I never understood how come when you join a server there are guys that have memorized every key combination and every trick in the book to give them the edge, and this is probably not the only one they're playing either.
So here are a few options, including commercial ones. Staples of the free software world such as Wesnoth and Freeciv are not going to be mentioned because frankly, the graphics just suck. I'm also more of a FPS guy, but the same is true for Urban Terror and Assaultcube. Being multi-player shooters only the game play is also rather limited. Even Soldier of Fortune back in the day was more fun and still looks decent, and you're not gong to convince people Linux is a viable gaming platform offering them pre-1998 graphics or kiddie games like Blobwars or Frozenbubble (although that one was fun for a while). And who doesn't mind spending money on games for other platforms should not have a problem shelling some out for a Linux version. Most of the time you won't have to, though.
Games only running in Wine, however well, also don't qualify. Same for DOSBox, and although it offers a great retro feel and I really enjoyed Heretic again, more so than in a native Doom engine port, anything you could play in it is seriously old. Native or browser based is what we're looking for, although the latter may have to get a seperate post.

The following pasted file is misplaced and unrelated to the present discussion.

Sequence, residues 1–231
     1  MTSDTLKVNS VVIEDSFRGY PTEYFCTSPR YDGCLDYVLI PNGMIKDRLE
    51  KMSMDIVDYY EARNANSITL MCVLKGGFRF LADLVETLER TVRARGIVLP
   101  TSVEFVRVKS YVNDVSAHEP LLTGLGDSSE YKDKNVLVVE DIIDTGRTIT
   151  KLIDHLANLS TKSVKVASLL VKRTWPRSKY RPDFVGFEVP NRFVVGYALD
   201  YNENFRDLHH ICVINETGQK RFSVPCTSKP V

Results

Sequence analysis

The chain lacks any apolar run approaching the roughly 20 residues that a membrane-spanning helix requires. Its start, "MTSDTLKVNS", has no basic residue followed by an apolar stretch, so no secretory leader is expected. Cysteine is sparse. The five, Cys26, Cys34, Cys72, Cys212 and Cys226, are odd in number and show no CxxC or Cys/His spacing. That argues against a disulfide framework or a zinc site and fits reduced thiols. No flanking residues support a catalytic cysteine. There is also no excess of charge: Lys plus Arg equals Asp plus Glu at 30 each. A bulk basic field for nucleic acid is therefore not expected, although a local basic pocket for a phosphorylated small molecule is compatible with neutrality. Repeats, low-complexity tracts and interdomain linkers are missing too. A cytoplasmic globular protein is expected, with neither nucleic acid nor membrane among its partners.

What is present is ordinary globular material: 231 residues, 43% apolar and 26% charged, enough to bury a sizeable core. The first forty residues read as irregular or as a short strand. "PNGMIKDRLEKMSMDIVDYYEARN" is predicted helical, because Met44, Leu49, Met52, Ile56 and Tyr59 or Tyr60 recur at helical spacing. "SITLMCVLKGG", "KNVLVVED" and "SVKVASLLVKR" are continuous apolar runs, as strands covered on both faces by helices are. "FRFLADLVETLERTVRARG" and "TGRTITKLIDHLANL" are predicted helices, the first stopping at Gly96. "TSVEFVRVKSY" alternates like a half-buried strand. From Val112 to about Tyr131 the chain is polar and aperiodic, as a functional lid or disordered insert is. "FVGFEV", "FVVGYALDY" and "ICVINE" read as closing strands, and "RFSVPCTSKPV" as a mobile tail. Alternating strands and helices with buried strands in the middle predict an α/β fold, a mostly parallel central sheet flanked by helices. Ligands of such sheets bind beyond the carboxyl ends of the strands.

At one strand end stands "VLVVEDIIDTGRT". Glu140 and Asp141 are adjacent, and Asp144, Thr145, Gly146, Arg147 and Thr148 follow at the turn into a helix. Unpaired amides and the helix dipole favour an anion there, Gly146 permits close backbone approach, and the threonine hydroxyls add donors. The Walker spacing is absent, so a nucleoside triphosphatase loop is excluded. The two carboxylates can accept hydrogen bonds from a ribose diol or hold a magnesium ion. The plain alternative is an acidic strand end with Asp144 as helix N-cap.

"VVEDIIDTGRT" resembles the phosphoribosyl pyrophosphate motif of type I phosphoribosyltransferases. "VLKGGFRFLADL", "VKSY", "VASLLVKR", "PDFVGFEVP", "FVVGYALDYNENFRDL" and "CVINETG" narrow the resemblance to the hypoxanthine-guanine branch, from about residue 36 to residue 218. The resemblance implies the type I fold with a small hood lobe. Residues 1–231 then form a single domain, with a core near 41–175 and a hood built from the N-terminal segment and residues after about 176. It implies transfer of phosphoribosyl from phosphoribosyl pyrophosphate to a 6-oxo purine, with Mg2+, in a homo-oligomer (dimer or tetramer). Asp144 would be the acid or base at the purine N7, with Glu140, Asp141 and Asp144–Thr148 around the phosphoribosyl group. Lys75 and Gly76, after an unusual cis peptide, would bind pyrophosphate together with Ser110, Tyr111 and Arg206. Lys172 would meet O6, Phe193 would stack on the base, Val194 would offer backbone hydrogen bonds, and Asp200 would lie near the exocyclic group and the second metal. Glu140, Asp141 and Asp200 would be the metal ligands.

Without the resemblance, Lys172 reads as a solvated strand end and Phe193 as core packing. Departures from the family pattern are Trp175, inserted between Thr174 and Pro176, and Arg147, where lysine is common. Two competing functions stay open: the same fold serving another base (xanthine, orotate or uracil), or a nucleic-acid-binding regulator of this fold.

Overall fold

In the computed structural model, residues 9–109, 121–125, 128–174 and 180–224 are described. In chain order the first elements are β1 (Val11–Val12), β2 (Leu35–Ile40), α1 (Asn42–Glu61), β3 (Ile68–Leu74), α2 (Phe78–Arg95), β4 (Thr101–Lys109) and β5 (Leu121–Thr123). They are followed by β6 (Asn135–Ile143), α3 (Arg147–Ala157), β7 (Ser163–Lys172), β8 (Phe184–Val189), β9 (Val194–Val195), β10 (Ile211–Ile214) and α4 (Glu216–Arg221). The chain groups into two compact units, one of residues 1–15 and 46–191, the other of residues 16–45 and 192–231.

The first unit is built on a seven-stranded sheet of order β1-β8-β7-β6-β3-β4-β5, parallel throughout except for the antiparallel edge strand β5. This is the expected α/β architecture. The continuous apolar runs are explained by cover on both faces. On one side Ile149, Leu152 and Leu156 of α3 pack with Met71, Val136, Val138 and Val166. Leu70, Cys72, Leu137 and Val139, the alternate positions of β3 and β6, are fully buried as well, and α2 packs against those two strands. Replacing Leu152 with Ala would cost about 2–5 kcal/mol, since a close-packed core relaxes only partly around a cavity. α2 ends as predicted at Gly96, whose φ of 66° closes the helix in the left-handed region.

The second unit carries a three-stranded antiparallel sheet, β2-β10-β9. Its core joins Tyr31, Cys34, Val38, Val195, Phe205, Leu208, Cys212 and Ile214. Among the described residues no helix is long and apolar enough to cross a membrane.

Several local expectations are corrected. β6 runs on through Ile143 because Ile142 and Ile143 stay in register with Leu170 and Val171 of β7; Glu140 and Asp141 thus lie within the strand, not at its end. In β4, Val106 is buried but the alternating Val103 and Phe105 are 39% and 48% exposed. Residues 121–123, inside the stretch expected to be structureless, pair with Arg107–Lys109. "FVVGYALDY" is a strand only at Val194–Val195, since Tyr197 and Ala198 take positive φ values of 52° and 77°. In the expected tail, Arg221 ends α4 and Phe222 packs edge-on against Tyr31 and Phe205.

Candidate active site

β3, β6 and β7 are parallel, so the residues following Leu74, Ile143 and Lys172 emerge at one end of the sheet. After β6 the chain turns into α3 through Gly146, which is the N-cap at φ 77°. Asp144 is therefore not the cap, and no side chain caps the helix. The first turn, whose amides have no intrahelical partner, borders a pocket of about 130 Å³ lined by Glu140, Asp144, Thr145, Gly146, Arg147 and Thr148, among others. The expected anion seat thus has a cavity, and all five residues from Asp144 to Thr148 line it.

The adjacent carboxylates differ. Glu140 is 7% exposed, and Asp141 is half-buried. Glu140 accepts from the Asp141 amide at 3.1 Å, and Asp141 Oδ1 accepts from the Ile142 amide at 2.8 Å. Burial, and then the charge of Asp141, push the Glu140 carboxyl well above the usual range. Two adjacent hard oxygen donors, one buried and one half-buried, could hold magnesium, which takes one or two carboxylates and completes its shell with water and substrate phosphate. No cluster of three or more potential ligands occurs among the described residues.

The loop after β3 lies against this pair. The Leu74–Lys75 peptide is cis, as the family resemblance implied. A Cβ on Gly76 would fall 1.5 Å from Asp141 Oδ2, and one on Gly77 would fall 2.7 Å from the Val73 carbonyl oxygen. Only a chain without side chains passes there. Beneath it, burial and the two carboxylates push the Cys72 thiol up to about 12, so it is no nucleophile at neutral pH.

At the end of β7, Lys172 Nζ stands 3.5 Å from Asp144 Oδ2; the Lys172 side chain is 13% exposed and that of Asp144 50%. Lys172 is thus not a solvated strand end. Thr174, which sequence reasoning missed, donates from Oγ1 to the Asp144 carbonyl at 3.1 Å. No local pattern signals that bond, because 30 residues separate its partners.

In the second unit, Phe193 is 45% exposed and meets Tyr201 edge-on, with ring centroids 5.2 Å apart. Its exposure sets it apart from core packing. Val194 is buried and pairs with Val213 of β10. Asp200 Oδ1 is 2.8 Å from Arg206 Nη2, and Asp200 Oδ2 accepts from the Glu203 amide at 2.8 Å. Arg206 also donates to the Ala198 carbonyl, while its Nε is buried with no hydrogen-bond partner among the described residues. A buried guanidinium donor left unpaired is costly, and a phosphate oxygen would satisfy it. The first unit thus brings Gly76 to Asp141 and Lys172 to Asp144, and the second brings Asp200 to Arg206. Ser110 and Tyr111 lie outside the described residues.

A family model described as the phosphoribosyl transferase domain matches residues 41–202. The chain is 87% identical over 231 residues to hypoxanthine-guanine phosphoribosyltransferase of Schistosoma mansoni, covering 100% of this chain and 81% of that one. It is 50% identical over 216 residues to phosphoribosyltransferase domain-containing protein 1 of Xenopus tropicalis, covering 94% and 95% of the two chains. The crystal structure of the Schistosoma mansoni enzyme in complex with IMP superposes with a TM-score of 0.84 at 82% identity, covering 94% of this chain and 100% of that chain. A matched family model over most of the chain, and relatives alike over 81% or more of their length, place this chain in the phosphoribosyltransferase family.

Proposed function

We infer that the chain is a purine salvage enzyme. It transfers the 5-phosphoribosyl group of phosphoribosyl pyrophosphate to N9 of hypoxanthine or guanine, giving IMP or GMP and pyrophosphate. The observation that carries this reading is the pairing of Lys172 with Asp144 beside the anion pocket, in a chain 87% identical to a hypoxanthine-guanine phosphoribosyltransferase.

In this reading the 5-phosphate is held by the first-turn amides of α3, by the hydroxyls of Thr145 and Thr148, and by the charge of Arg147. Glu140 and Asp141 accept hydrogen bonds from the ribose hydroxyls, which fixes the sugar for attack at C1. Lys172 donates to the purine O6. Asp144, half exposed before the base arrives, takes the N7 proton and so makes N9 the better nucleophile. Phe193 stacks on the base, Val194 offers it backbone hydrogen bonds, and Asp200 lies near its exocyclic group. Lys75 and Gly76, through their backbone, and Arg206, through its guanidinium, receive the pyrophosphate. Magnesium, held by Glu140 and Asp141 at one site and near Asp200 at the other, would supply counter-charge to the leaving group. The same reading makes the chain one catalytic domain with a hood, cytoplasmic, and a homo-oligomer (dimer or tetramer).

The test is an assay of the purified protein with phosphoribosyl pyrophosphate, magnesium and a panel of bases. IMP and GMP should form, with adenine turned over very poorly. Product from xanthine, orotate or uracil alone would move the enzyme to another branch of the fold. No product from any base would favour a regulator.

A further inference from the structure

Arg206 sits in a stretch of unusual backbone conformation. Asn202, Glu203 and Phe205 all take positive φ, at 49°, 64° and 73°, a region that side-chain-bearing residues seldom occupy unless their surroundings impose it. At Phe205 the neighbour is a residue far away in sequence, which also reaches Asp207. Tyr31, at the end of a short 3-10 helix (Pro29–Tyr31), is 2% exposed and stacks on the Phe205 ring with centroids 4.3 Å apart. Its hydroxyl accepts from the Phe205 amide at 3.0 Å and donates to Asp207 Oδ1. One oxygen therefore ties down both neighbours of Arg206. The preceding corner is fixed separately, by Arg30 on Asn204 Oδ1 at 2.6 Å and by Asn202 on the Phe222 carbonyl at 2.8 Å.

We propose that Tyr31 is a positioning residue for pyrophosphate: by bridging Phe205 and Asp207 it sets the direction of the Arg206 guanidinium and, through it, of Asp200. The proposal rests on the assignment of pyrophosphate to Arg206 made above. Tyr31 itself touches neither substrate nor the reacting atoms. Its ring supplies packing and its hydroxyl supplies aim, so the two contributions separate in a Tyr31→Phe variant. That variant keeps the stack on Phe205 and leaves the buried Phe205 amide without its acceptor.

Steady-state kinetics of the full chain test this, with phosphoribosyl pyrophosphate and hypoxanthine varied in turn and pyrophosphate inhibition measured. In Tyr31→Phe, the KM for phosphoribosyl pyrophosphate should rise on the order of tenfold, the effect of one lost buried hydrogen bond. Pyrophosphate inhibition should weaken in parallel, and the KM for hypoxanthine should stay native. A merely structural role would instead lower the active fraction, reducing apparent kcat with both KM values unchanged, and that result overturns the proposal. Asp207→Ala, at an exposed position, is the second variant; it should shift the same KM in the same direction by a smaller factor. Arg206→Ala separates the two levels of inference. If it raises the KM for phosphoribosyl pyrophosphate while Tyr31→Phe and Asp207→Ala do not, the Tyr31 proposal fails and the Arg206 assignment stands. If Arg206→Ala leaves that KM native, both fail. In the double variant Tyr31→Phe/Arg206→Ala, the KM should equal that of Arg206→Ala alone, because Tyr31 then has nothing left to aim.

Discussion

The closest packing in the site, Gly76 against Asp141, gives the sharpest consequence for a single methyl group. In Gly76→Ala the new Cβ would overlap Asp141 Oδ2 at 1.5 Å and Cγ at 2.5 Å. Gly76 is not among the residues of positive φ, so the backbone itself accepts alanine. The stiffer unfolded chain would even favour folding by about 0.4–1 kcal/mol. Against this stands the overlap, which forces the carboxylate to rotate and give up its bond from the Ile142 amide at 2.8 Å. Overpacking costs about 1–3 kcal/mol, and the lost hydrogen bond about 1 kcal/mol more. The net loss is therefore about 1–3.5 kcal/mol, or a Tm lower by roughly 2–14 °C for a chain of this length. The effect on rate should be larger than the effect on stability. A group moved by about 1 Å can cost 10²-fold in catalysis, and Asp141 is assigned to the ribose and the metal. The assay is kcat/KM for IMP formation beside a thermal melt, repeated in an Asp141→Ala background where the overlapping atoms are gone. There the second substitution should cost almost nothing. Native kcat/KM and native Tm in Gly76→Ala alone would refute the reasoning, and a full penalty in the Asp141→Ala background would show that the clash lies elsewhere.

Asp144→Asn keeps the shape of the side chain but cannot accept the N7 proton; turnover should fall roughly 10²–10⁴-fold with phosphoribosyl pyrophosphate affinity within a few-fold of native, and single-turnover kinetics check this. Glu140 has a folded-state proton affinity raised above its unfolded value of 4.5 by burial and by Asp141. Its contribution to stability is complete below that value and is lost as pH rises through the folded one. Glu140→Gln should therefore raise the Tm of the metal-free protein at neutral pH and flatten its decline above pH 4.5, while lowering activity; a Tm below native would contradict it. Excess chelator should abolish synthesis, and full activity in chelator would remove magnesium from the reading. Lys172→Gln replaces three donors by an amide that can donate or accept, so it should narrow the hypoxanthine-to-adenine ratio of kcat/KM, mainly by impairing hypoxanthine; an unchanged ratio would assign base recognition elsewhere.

HEXEN: Edge of Chaos
This is an entirely fan driven modding project that is recreating the HeXen universe on top of the DooM 3 engine, so that game is needed in order to load the mod. It's a standalone game in itself and is not just skinning DooM 3. In January 2011 a playable Alpha featuring the first three levels was released. It's looking seriously good and if you like your shooters and that sort of ambience this can be nice time waster. The player can now climb up walls and ladders and you get some nice animation effects that were missing in HeXen II. Perhaps better wait until the
Also take a look at the Swamp level.
To play the above you need this, but it's also still a great title on its own and always worth a replay. Just have a look over on Youtube at all the mods available for it, from weapons, texture and lighting to fully blown campaigns, a coop mode called Last Man Standing and new maps. A long list is here, and there's more on PlanetDoom.
The most important thing I almost forgot is that there has been a x86 installer around practically as long as the game is in existence. It is not being updated anymore and no hopes of a x64 installer, but it still works. Several guides on how to install this are around in addition to the instructions on Zerowing, amongst them this one for Ubuntu.
If you invest in a copy of DooM 3 at the cost of around a fiver now you get a lot of bang for your buck with all the stuff out there that requires it. If you like hell on Mars you may even get the Resurrection of Evil expansion pack as well for a similar price.